Jump to content


Photo
- - - - -

Cevallos Street | Soflo District | Renderings And Information


  • Please log in to reply
3 replies to this topic

#1 kingwilliam

kingwilliam
  • Full Member
  • 90 posts
  • Location:san antonio

Posted Saturday, December 1, 2007 at 8:22 PM

Posted Image Posted Image Posted Image

Cevallos Street [Mixed-Use Development in the SoFlo District]

Providing much-needed downtown residential development combined with commercial infill, Cevallos Street is envisioned as the "magic link" connecting the established Southtown Arts District and the emerging SoFlo district. 500 apartments and townhouses will create a residential neighborhood along Peden Street. Parts of Peden Street previously lost to development are planned to be brought back to match historic contours, connecting South Flores Street and the San Antonio River.

Four-story buildings are planned to wrap around 400- space parking garages, presenting a lively facade to Peden Street (instead of parking decks). Planned amenities are generous: swimming pools and recreation spaces are nestled in courtyards within the buildings, and roof decks extending out from living spaces will provide panoramic views of the surrounding city.

Ground floor commercial space fronts the street on the East side of the development, and interacts with existing neighborhood commercial space at the corner of Cevallos and Probandt Streets. At the West end of the site, Peden Street continues through to South Flores as a pedestrian corridor and accesses South Flores at multiple locations, providing a healthy amount of circulation.

The architectural expression of the planned buildings responds to the variety of forms and materials present in the surrounding industrial and warehouse buildings. Facades are developed with an urban vocabulary of corrugated steel, stucco, split-faced concrete block, and aluminum storefront system.

The development is split into two phases. Phase I is roughly the Eastern half of the site. Both phases are expected to be complete by late 2010.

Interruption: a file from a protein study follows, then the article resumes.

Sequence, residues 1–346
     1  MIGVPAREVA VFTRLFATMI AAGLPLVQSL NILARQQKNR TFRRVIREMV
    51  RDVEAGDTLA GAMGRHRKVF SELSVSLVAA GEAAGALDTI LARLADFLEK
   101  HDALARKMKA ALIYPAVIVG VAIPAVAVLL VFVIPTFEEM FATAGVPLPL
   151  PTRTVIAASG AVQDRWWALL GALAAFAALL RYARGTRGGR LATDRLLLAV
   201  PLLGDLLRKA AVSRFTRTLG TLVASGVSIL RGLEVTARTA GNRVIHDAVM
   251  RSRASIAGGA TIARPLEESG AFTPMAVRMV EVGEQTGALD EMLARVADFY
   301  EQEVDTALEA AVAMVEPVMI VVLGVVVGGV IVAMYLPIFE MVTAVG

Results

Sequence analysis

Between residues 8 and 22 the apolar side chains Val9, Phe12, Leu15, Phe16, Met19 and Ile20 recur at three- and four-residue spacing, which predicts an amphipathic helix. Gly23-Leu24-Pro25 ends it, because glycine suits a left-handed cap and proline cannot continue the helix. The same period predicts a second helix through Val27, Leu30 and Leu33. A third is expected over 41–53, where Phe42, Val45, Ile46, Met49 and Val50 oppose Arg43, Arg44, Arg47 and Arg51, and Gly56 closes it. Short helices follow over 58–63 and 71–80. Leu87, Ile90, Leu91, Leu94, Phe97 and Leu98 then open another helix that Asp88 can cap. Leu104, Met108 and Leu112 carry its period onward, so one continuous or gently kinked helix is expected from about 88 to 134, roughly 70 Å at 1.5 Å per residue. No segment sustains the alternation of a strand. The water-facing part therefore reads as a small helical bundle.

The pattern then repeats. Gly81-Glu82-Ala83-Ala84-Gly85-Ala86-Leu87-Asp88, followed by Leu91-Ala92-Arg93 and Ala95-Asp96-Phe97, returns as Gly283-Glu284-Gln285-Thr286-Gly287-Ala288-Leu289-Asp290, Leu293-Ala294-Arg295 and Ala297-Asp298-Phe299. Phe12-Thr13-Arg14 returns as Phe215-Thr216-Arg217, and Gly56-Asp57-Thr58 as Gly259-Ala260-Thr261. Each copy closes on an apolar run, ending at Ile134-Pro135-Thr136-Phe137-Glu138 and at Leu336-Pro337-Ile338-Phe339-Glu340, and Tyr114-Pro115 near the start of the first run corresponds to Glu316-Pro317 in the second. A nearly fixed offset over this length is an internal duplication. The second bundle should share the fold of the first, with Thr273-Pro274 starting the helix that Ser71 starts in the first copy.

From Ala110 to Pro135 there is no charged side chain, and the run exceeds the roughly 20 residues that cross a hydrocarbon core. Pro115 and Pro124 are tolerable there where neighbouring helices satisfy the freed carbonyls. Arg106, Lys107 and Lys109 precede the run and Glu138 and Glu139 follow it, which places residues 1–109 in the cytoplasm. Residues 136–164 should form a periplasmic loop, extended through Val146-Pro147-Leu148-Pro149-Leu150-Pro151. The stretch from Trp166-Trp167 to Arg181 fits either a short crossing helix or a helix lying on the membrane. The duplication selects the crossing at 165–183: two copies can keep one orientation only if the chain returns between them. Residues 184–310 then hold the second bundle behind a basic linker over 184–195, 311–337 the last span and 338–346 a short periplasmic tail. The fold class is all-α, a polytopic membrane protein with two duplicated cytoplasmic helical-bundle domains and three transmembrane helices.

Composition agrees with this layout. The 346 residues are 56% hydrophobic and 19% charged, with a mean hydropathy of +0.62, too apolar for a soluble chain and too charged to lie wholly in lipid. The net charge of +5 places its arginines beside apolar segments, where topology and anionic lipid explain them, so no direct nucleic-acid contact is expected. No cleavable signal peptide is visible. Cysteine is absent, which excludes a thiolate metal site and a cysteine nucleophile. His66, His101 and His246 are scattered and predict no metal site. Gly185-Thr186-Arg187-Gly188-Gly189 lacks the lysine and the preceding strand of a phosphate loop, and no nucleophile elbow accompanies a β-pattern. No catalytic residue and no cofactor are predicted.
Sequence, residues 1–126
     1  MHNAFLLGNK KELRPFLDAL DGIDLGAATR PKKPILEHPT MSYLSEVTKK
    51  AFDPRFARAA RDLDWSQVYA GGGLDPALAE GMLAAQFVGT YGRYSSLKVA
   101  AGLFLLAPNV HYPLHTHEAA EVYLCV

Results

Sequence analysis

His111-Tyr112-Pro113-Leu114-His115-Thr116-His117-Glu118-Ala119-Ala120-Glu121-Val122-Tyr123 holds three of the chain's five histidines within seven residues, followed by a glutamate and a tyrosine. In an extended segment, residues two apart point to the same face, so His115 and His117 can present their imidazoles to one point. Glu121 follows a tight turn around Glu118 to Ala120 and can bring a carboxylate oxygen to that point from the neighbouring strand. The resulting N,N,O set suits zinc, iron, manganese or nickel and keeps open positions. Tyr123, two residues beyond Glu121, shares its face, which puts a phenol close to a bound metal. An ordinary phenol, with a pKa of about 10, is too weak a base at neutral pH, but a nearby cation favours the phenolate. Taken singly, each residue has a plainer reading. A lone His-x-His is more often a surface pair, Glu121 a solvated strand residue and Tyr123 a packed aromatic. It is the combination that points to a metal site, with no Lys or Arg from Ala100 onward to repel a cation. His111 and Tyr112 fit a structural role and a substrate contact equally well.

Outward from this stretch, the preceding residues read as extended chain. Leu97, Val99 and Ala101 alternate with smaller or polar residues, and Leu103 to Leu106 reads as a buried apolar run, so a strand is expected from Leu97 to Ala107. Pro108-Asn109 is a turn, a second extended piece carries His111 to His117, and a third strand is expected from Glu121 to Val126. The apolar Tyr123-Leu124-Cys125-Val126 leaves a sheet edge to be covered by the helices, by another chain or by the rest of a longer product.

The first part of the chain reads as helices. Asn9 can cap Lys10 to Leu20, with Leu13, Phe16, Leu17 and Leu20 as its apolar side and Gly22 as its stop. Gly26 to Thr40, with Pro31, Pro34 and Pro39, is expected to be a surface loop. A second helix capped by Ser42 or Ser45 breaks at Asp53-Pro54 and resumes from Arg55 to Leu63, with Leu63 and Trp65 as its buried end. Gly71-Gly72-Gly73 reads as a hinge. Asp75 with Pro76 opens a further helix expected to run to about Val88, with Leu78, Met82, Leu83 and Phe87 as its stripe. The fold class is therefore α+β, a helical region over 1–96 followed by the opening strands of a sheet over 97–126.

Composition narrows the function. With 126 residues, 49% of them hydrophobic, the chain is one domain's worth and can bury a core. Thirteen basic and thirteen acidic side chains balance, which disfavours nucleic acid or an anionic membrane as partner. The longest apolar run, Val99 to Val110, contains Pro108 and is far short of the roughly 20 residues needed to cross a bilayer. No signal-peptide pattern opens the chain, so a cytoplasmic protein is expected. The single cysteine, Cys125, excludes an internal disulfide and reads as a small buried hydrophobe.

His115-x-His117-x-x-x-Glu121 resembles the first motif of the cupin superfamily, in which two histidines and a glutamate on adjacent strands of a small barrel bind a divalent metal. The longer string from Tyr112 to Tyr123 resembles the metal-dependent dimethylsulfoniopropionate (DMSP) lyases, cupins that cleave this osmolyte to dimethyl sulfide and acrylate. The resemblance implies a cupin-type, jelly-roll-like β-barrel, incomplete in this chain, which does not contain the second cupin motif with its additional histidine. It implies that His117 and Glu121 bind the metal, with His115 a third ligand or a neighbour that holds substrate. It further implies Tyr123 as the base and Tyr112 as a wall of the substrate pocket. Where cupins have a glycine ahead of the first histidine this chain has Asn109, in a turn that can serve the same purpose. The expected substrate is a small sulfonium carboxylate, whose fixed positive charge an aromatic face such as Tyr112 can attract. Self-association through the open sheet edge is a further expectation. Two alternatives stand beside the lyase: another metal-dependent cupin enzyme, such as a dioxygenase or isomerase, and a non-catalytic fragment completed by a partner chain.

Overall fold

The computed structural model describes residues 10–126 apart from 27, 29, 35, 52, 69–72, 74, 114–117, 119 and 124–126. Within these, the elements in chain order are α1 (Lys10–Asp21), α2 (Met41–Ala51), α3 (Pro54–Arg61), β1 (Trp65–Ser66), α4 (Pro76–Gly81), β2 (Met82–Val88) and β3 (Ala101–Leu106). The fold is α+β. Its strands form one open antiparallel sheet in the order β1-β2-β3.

Additional Information:


Posted Image


Edited by kingwilliam, Thursday, December 6, 2007 at 12:59 AM.


#2 crunchtastic

crunchtastic
  • Full Member
  • 3499 posts
  • Location:Eastwood
  • HAIFing from Deep in the heart of Texas.
  •  

Posted Sunday, December 2, 2007 at 1:47 AM

Hi King William, welcome.

Thx for putting up the renderings. A lot of the plans for SA are starting to take place, I see the work on the river extensions has started, that's great, especially the south, Mission extension.

I lived there for 11 years, moved back to Houston last fall. Pretty amazing growth the last 5 years or so. I know the King William, Southtown area really well. But 'SoFLo' ? That name actually stuck?? That used to be a bad joke at La Tuna. For those who don't know San Antonio well, the area could be compared to Washington Ave. Industrial area bordered by historic district, on the rail line.

Trains running right past your $300,000 apartment window, just like here in Houston!

Edited by crunchtastic, Sunday, December 2, 2007 at 1:48 AM.


#3 Subdude

Subdude
  • Moderator
  • 8212 posts
  • HAIFing from none.
  •  

Posted Sunday, December 2, 2007 at 2:35 AM

"SoFlo"? Good grief. :wacko: Is there some law where developers feel one of those names is necessary to indicate an area is hip, or is trying to be trendy? I'm pleased to say that the "SoDo" and "NoDo" names never took in Houston. I would like to think that carping here at HAIF helped put an end to it. ^_^

OK, silly fussing about the name aside, welcome to the board and thanks for the San Antonio updates. A bit of a side issue, but all the renderings show palm trees. Aren't they unusual in San Antonio?
"Foolery, sir, does walk about the orb
like the sun; it shines everywhere"



Real men don't say "veggie".

#4 kingwilliam

kingwilliam
  • Full Member
  • 90 posts
  • Location:san antonio

Posted Sunday, December 2, 2007 at 4:55 PM

OK, silly fussing about the name aside, welcome to the board and thanks for the San Antonio updates. A bit of a side issue, but all the renderings show palm trees. Aren't they unusual in San Antonio?


Palms trees are definitely not unusual in San Antonio.

Posted Image

Posted Image

Posted Image

Posted Image
Posted Image
Posted Image